Do not disturb the plastic sheet during daylight "working hours" unless it is absolutely necessary.  If a plastic drinking tube is not available, raise the plastic sheet and remove the container as few times as possible during daylight hours.  It takes from 1/2 to 1 hour for the air in the still to become resaturated and the collection of water to begin again after the plastic has been disturbed.  [AFM 64-3 dated 15 August 1969, pages 4-13 through 4-14].

Some time ago, I came across a web site containing an entry by a "Jim B." discussing several revolutionary upgrades to this standard solar still, some of which take into account the importance of orienting the still in the correct direction based on your location on our planet.  In a post entitled "The Extreme Solar Still Concept," Jim describes some of the drawbacks of the classic survival still and the upgrades he came up with for his version, which he calls a "D'still" and which may improve water collected by as much as 400% over the conventional version.

Jim alters the shape of the original still to resemble a seashell when viewed from above, with the catchment container located towards the base of the shell rather than right in the center the way it is in the conventional still described by the Air Force manual above.  Here is a link to his diagram of the top view of his enhanced still, showing the seashell shape (east and west appear to be mistakenly reversed in that diagram, unless I am misreading something of the intent of the labels).

Importantly, he recommends orienting the top of the "seashell" towards the north (for those in the northern hemisphere), in order to arrange the larger slope area towards the sunshine.  To understand the reasoning behind this concept, it is helpful to look at Jim's second diagram, which is a cutaway or side view of his still.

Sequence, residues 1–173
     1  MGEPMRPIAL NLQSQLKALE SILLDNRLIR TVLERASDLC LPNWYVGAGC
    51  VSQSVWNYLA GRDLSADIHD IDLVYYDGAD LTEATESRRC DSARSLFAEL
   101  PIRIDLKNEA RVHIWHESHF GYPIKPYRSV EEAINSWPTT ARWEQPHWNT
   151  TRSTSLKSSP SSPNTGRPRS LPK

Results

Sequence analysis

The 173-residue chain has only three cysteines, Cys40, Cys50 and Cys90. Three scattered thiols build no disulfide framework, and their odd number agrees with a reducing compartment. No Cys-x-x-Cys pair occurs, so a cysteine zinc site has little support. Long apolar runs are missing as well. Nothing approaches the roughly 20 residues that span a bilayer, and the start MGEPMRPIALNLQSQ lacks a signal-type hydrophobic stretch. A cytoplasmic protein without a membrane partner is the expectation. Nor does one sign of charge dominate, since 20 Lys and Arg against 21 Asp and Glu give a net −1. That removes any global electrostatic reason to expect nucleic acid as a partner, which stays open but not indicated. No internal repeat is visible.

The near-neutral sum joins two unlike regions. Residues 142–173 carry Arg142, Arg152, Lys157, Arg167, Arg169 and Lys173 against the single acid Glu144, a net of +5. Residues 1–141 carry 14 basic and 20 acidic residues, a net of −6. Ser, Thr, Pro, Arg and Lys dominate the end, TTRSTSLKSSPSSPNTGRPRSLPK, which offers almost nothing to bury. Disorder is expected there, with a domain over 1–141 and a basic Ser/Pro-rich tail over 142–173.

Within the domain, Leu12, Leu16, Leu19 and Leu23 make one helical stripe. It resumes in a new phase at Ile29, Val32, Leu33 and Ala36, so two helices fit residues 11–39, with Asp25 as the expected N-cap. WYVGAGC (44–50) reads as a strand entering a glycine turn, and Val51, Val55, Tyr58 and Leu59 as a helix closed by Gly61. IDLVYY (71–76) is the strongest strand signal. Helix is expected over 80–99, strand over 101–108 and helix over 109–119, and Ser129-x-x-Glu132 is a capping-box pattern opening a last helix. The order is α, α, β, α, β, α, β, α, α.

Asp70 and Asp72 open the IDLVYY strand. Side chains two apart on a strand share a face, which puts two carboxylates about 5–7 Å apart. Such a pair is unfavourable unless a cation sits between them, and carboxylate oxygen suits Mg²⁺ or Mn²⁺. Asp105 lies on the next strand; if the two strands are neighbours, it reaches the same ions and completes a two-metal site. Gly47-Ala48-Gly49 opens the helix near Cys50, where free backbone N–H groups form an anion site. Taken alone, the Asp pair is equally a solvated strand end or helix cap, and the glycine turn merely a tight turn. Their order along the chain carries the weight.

Due to the tilt of the earth's axis (see the discussion in this previous post for more detail), the sun will always travel south of an observer who is located north of the Tropic of Cancer (the northern tropic).  The enhanced still features a large, gentle sloping northern section (the top part of the shell), which is oriented to face the south and catch full force of the sun's rays (see also the diagram below, where I have drawn my own version of the cut-away view).

The enhanced still also features a steeper berm at the southern end, which casts a shadow over the catchment portion of the tarp and the shelf below that holds the water-container.  By orienting the still with the shell's top facing north (if north of the northern tropic, otherwise face it south if south of the southern tropic -- if between the two tropics, you will have to orient the "top of the shell" away from the track of the sun for that particular time of year), the sun's path will create this shade if you use spoil to build up the southern berm as shown in the diagram.  Jim's diagram shows (and his article explains) that you can also pile up additional vegetation atop this southern berm in order to ensure shade over the condensing area.

The rest of the article explains the other features of the enhanced solar still, including the addition of some cool (preferably moist) soil above the weighting rock which holds the tarp's lowest point above the catchment container. In order to understand the entire concept of the enhanced or "extreme" solar still (or "D'still") it is recommended that you read that entire article -- and even better, go out and try constructing one yourself just for practice.

We can all hope that we never need to resort to a solar still in an emergency survival situation.  However, if ever we do, we can be grateful to "Jim B." for his ingenious enhancements to the classic solar still design.